Coselli JS, LeMaire SA, Koksoy C, Schmittling ZC, Curling PE. Cerebrospinal fluid drainage reduces paraplegia after thoracoabdominal aortic aneurysm repair: results of a randomized clinical trial. J Vasc Surg. 2002;35:631–9.CrossRefGoogle Scholar
  7. 7.
    Conrad MF, Crawford RS, Davison JK, Cambria RP. Thoracoabdominal aneurysm repair: a 20-year perspective. Ann Thorac Surg. 2007;83:856-61.CrossRefGoogle Scholar
  8. 8.
    Ogino H, Sasaki H, Minatoya K, Matsuda H, Yamada N, Kitamura S. Combined use of Adamkiewicz artery demonstration and motor-evoked potentials in descending and thoracoabdominal aortic repair. Ann Thorac Surg. 2006;82:592–6.CrossRefGoogle Scholar
  9. 9.
    Strauch JT, Spielvogel D, Lauten A, Zhang N, Shiang H, Weisz D, et al. Importance of extrasegmental vessels for spinal cord blood supply in a chronic porcine model. Eur J Cardiothorac Surg. 2003;24:817–24.CrossRefGoogle Scholar
  10. 10.
    Griepp RB, Griepp EB. Spinal cord perfusion and protection during descending thoracic and thoracoabdominal aortic surgery: the collateral network concept. Ann Thorac Surg. 2007;83:865-92.Google Scholar
  11. 11.
    Lancaster RT, Conrad MF, Patel VI, Cambria MR, Ergul EA, Cambria RP. Further experience with distal aortic perfusion and motor-evoked potential monitoring in the management of extent I–III thoracoabdominal aortic anuerysms. J Vasc Surg. 2013;58:283–90.CrossRefGoogle Scholar
  12. 12.
    Min HK, Sung K, Yang JH, Kim WS, Jun TG, Lee YT, et al. Can intraoperative motor-evoked potentials predict all the spinal cord ischemia during moderate hypothermic beating heart descending thoracic or thoraco-abdominal aortic surgery? J Cardiac Surgy. 2010;25:542–7.CrossRefGoogle Scholar
  13. 13.
    Tabayashi K, Saiki Y, Kokubo H, Takahashi G, Akasaka J, Yoshida S, et al. Protection from postischemic spinal cord injury by perfusion cooling of the epidural space during most or all of a descending thoracic or thoracoabdominal aneurysm repair. Gen Thorac Cardiovasc Surg. 2010;58:228–34.CrossRefGoogle Scholar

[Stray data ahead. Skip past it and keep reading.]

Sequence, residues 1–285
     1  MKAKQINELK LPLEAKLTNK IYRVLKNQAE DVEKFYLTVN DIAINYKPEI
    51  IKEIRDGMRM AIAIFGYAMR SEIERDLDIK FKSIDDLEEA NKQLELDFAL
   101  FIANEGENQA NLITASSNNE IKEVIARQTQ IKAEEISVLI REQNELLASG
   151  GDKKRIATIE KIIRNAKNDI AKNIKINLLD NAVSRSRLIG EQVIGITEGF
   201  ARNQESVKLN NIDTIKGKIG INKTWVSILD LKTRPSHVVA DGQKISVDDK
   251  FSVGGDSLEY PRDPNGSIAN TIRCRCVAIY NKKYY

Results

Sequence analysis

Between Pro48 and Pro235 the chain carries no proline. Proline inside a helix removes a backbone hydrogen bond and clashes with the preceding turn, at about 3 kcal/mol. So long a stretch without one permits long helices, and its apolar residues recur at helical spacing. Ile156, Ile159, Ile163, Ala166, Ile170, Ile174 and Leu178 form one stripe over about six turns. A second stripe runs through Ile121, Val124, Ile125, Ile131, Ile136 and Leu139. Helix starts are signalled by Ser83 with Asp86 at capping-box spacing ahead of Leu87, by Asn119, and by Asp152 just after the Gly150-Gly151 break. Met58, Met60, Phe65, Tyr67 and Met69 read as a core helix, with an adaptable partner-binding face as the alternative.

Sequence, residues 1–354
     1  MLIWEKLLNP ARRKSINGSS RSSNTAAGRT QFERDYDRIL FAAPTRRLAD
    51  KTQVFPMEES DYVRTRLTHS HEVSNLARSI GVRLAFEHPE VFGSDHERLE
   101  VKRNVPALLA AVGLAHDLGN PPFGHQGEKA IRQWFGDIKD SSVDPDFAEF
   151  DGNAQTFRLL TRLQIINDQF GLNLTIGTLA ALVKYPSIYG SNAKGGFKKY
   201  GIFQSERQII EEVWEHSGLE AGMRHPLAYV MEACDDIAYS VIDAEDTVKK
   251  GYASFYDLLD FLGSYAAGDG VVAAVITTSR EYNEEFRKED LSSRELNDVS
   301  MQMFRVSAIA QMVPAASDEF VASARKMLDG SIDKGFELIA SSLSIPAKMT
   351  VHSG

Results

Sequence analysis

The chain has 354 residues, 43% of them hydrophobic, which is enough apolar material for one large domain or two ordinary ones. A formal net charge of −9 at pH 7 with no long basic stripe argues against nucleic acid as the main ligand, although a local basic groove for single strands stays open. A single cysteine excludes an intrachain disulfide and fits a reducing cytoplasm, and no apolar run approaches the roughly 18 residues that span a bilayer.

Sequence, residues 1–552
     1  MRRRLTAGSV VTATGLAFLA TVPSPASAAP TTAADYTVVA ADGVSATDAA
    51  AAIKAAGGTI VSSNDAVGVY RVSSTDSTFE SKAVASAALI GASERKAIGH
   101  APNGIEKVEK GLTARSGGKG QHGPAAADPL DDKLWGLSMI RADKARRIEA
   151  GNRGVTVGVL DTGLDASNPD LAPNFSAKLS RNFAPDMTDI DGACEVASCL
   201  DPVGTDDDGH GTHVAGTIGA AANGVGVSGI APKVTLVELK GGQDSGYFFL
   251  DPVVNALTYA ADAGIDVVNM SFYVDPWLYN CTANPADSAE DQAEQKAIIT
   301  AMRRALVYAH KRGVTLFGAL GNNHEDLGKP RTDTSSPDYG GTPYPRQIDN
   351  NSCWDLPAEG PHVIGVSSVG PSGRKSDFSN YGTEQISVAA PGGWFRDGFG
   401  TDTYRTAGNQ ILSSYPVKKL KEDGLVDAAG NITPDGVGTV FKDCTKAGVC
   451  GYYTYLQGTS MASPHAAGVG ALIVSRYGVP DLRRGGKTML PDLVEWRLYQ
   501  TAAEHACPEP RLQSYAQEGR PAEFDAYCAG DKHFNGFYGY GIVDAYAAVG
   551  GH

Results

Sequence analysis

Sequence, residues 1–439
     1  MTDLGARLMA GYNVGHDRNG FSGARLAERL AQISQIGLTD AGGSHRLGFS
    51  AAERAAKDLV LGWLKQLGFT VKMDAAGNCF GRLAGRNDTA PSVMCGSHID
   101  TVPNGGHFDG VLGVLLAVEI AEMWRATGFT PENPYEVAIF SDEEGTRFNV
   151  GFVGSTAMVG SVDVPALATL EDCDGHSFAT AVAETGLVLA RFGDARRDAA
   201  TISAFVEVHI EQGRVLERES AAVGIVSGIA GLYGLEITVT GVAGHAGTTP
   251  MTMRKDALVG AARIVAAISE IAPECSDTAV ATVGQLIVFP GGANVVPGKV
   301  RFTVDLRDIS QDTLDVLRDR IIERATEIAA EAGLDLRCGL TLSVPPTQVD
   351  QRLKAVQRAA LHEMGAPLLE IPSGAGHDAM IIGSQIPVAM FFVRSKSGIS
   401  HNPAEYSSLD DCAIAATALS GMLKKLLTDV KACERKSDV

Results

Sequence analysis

14. 14.
    Takase K, Sawamura Y, Igarashi K, Chiba Y, Haga K, Saito H, et al. Demonstration of the artery of Adamkiewicz at multi-detector row helical CT1. Radiology. 2002;223:39–45.CrossRefGoogle Scholar
  15. 15.
    Takagi H, Ota H, Natsuaki Y, Komori Y, Ito K, Saiki Y, et al. Identifying the Adamkiewicz artery using 3-T time-resolved magnetic resonance angiography: its role in addition to multidetector computed tomography angiography. Jpn J Radiol. 2015;33:749–56.CrossRefGoogle Scholar
  16. 16.
    Bischoff MS, Scheumann J, Brenner RM, Ladage D, Bodian CA, Kleinman G, et al. Staged approach prevents spinal cord injury in hybrid surgical-endovascular thoracoabdominal aortic aneurysm repair: an experimental model. Ann Thorac Surg. 2011;92:138–46.CrossRefGoogle Scholar
  17. 17.
    Svensson LG, Rickards E, Coull A, Rogers G, Fimmel CJ, Hinder RA. Relationship of spinal cord blood flow to vascular anatomy during thoracic aortic cross-clamping and shunting. J Thorac Cardiovasc Surg. 1986;91:71–8.Google Scholar
  18. 18.
    Shiiya N, Wakasa S, Matsui K, Sugiki T, Shingu Y, Yamakawa T, Matsui Y. Anatomical pattern of feeding artery and mechanism of intraoperative spinal cord ischemia. Ann Thorac Surg. 2009;88:768 – 72.CrossRefGoogle Scholar

Copyright information

© The Japanese Association for Thoracic Surgery 2018

Authors and Affiliations

  • Yoshikatsu Saiki
    • 1
    Email author
  • Koyu Watanabe
    • 1
  • Koki Ito
    • 1
  • Keisuke Kanda
    • 1
  • Goro Takahashi
    • 1
  • Yukihiro Hayatsu
    • 1
  • Ichiro Yoshioka
    • 1
  • Naotaka Motoyoshi
    • 1
  • Satoshi Kawatsu
    • 1
  • Osamu Adachi
    • 1
  • Masatoshi Akiyama
    • 1
  • Kiichiro Kumagai
    • 1
  • Shunsuke Kawamoto
    • 1
  1. 1.Division of Cardiovascular SurgeryTohoku University Graduate School of MedicineSendaiJapan

Personalised recommendations